Hundreds of refugees have passed through the Macedonian border from Greece unhindered after two days of clashes in which police used stun grenades in a failed bid to prevent them from crossing. Police and security remained at the border on Sunday, checking the refugees belongings and bags as they allowed them to pass through. About […]
Gevgelija, Macedonia – For people like Gabriela Andreevska, working with Europe-bound refugees crossing her country, Macedonia, feels like the film “Groundhog Day”.
Every day, thousands arrive from Syria, Afghanistan, Iraq ,Pakistan and elsewhere to Gevgelija, on the border with Greece.
Most are completely unprepared for the journey. They know little about what they need to do, and they’re often travelling with nothing except the clothes on their backs.
The Macedonian government provides little for the refugees crossing its borders illegally. That is where ordinary Macedonians like Gabriela step in.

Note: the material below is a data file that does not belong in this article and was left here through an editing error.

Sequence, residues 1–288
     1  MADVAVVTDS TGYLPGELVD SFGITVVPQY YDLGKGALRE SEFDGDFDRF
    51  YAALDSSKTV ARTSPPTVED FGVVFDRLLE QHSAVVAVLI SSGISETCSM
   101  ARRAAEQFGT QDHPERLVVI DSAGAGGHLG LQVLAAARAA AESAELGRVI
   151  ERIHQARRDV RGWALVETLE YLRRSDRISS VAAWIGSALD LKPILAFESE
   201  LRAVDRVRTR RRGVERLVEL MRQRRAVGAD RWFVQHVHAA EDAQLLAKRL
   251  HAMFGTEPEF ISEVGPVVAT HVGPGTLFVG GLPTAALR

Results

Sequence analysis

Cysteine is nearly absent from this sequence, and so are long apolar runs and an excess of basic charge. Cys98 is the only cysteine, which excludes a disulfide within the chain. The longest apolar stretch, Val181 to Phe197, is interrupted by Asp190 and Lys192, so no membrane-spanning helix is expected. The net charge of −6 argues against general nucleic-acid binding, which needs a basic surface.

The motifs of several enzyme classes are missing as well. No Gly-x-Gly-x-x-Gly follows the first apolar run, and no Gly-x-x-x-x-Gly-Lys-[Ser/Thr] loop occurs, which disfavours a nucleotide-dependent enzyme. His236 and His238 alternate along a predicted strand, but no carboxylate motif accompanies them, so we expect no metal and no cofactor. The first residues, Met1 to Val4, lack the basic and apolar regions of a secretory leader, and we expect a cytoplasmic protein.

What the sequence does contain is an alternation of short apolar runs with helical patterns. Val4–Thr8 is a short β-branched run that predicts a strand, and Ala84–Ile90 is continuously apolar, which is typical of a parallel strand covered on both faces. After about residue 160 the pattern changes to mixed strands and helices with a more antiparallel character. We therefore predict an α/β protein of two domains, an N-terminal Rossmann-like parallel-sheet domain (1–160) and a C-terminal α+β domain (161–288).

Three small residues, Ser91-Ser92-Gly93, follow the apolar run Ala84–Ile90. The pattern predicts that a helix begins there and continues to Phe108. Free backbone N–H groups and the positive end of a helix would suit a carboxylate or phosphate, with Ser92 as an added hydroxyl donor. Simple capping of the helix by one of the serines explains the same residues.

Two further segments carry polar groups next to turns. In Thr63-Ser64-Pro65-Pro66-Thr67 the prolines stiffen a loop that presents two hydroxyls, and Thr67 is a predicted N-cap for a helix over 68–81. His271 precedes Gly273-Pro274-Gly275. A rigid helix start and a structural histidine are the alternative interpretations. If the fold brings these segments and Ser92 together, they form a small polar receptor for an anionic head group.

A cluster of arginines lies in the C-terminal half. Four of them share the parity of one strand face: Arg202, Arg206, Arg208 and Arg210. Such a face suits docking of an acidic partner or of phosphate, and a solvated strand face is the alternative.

She, along with other activists, provides the weary travellers with food, clothes, information, and hugs.
“I know it’s not part of their culture for me to touch a man, but I do it to let them know they’re welcome in Europe,” she says.
After a few hours in Gevgelija, most refugees board one of the three daily Soviet-era trains and continue on to the border with Serbia.
But for Gabriela, the situation resets.
After a tiring day helping hundreds of people, she has to prepare for tomorrow, when she will do the same thing all over again.
Every day is very much the same for her, but for the refugees it is a new place and another step on their way to a new life in Western Europe.
While European countries make the journey more difficult as a way of discouraging refugees from coming, Gabriela does the opposite by trying to make their lives just a little bit easier.
Al Jazeera film-maker Matthew Cassel spent a few days following Gabriela at the Macedonia-Greece border and the Macedonia-Serbia border.